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MILES J. FLOWERS v. COMMONWEALTH PENNSYLVANIA (08/08/89)

COMMONWEALTH COURT OF PENNSYLVANIA


decided: August 8, 1989.

MILES J. FLOWERS, PETITIONER,
v.
COMMONWEALTH OF PENNSYLVANIA, PENNSYLVANIA BOARD OF PROBATION AND PAROLE, RESPONDENT

PETITION FOR REVIEW

COUNSEL

Miles J. Flowers, petitioner, for himself.

Timothy P. Wile, Asst. Chief Counsel, with him, Robert A. Greevy, Chief Counsel, for respondent.

Craig and Barry JJ., and Blatt, Senior Judge.

Author: Craig

[ 129 Pa. Commw. Page 181]

Miles J. Flowers appeals from an order of the Pennsylvania Board of Probation and Parole that dismissed his request for reconsideration as an untimely administrative appeal. We affirm.

The board, by orders dated August 7, 1986 and January 29, 1987, recommitted Flowers as a technical and convicted

[ 129 Pa. Commw. Page 182]

    parole violator. Flowers filed a request for administrative relief, which the board denied. Flowers unsuccessfully appealed that decision to this court. Flowers v. Pennsylvania Board of Probation and Parole, (No. 640 C.D.1987, filed October 13, 1987).

Flowers filed a request for reconsideration of the board's parole revocation orders on November 7, 1988. On November 30, 1988 the board dismissed that request as untimely. Flowers now appeals that decision to this court. By order dated January 1, 1989, this court granted the board's motion to limit the issue before the court to the timeliness of Flowers' reconsideration request.

As stated in Threats v. Pennsylvania Board of Probation and Parole, 102 Pa. Commw. 315, 518 A.2d 327 (1986), rev'd. on other grounds, 520 Pa. 182, 553 A.2d 906 (1989), "[t]he decision to grant or deny a request for reconsideration is a matter of administrative discretion and this court is empowered to reverse only for an abuse of that discretion." 102 Pa. Commw at 317, 518 A.2d at 328. See also, Snipes v. Pennsylvania Board of Probation and Parole, 107 Pa. Commw. 72, 527 A.2d 1080 (1987).

Unlike Threats, Flowers has not argued that there has been a subsequent change in the law which could be applied retroactively to produce a different result from the board's disposition of Flowers' original appeal. See also, Gordon v. Pennsylvania Unemployment Compensation Board of Review, 44 Pa. Commonwealth Ct. 270, 273, 403 A.2d 235, 236 (1979). Flowers had an adequate remedy in his initial request for administrative relief. Rauser v. Pennsylvania Board of Probation and Parole, 107 Pa. Commonwealth Ct. 216, 528 A.2d 290 (1987).

The board's denial of reconsideration specifically recognized that Rivenbark v. Pennsylvania Board of Probation and Parole, 509 Pa. 248, 501 A.2d 1110 (1985), the decision upon which this court relied in Threats in determining that the board should consider the petitioner's untimely request for reconsideration, does not apply in this case. Moreover,

[ 129 Pa. Commw. Page 183]

    the standard the Pennsylvania Supreme Court recently announced in Threats, which the board must use to determine when a parolee's technical violations accompanied by the commission of a crime may support the imposition of an independent period of recommitment, is also inapplicable. Thus, we believe the board properly dismissed Flowers' request for reconsideration.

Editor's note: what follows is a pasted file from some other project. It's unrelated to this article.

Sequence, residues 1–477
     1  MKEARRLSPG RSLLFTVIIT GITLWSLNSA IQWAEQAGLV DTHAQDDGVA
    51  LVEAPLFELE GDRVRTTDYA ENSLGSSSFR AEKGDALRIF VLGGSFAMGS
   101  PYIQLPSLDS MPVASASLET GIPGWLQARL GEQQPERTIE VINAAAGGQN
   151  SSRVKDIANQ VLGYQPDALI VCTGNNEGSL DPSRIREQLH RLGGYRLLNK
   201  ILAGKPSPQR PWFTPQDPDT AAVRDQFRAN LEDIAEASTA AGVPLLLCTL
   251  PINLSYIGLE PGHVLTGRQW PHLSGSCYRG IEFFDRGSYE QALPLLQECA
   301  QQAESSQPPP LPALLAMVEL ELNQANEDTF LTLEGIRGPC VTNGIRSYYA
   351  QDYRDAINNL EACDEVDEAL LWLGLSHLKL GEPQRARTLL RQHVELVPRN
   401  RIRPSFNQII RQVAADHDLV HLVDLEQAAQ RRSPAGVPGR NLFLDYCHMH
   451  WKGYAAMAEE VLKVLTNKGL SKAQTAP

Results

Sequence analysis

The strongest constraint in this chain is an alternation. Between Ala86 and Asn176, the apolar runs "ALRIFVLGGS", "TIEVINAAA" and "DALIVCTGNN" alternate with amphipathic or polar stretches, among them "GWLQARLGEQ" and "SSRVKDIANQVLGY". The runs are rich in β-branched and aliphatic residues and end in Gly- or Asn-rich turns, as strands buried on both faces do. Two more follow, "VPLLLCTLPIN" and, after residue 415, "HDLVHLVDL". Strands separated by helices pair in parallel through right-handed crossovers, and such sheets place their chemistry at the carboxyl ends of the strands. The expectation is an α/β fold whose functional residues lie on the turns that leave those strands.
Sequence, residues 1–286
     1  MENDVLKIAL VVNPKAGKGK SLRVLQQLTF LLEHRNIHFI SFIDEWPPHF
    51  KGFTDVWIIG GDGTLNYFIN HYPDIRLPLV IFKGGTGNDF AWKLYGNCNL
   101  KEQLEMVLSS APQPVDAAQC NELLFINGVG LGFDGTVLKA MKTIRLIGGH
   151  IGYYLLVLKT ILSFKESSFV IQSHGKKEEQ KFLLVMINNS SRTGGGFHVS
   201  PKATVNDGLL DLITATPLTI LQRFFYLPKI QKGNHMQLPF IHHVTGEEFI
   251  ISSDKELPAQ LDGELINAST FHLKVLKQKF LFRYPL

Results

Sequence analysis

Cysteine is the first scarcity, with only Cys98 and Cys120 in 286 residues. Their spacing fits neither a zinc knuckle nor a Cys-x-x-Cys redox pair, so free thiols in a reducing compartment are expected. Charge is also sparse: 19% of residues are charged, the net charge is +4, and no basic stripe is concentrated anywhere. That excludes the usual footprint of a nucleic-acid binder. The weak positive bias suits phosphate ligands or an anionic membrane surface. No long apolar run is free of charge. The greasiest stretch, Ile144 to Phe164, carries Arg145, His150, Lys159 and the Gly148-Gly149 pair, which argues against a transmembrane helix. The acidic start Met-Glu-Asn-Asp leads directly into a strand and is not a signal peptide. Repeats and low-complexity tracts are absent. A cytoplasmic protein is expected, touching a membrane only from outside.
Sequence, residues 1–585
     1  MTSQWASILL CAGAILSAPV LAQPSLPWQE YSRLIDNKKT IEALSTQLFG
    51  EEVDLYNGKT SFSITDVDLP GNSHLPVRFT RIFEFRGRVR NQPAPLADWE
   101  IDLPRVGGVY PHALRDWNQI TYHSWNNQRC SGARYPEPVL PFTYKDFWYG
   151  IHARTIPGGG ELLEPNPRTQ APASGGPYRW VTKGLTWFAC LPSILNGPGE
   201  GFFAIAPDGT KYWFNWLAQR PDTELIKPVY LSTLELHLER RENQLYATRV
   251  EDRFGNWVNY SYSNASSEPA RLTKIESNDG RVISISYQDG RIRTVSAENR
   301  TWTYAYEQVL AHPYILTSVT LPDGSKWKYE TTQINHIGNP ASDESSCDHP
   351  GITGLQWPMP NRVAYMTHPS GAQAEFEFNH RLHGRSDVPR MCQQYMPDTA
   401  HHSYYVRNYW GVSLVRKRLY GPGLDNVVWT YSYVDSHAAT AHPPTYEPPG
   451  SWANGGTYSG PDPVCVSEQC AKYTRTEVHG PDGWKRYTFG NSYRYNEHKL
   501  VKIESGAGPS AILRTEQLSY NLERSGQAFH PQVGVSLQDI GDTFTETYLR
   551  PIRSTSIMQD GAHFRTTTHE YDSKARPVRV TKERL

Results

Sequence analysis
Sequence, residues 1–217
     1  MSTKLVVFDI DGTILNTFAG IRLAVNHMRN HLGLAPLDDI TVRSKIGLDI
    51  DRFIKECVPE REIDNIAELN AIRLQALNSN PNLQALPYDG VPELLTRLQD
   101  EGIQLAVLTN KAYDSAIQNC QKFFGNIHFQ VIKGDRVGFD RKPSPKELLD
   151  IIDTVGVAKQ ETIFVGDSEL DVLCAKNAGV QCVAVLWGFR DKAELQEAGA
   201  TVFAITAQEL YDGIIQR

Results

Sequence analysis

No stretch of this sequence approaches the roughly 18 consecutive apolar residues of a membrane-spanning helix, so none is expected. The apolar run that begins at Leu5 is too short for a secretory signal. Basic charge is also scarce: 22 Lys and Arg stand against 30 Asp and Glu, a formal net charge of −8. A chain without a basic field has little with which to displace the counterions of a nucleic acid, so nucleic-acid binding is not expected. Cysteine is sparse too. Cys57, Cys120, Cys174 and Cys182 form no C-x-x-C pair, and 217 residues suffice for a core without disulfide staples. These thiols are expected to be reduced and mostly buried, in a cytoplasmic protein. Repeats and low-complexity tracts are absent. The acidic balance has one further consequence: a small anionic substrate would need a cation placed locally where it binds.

Flowers raised two issues in his earlier appeal to this court: (1) whether the board erred in not crediting Flowers' original sentence for the time he was incarcerated between his parole revocation date and his sentencing date; and (2) whether the board erred in ordering recommitment on the two original sentences to be served consecutively, rather than computing backtime on both sentences from the same availability date.

In his petition for reconsideration, Flowers attacked the board's January 29, 1987 decision, specifically alleging that the board based its decision on evidentiary deficiencies and that the decision violated the double jeopardy clause of the Constitution and his due process rights. Flowers' double jeopardy claim appears to be merely another attack on the board's decision to order consecutive rather than concurrent recommitment on his two original sentences. Flowers clearly could have raised these issues in his administrative appeal. "A parolee challenging an act of the Board must raise all his claims at one time, rather than bring successive suits which seek the same relief but vary slightly in their allegations." Choice v. Pennsylvania Board of Probation and Parole, 33 Pa. Commonwealth Ct. 293, 295, 381 A.2d 513, 514 (1978).

When a parolee files an administrative appeal beyond the thirty day time limit, the sole issue is whether the board properly dismissed the appeal as untimely. Snipes. In this case, the board's order indicates that the board considered Flowers' petition as both an untimely administrative appeal and a petition for reconsideration without merit. Flowers filed his petition more than one year after the board's original decisions. We cannot conclude that the board

[ 129 Pa. Commw. Page 184]

    abused its discretion in dismissing Flowers' petition as untimely.

Order

NOW, August 8, 1989, the order of the Pennsylvania Board of Probation and Parole dated November 30, 1988, in Parole No. 1018-M is affirmed.

Order

NOW, October 20, 1989, it is ORDERED that the opinion filed August 8, 1989, shall be designated OPINION rather than MEMORANDUM OPINION, and that it shall be reported.

19890808

© 1998 VersusLaw Inc.



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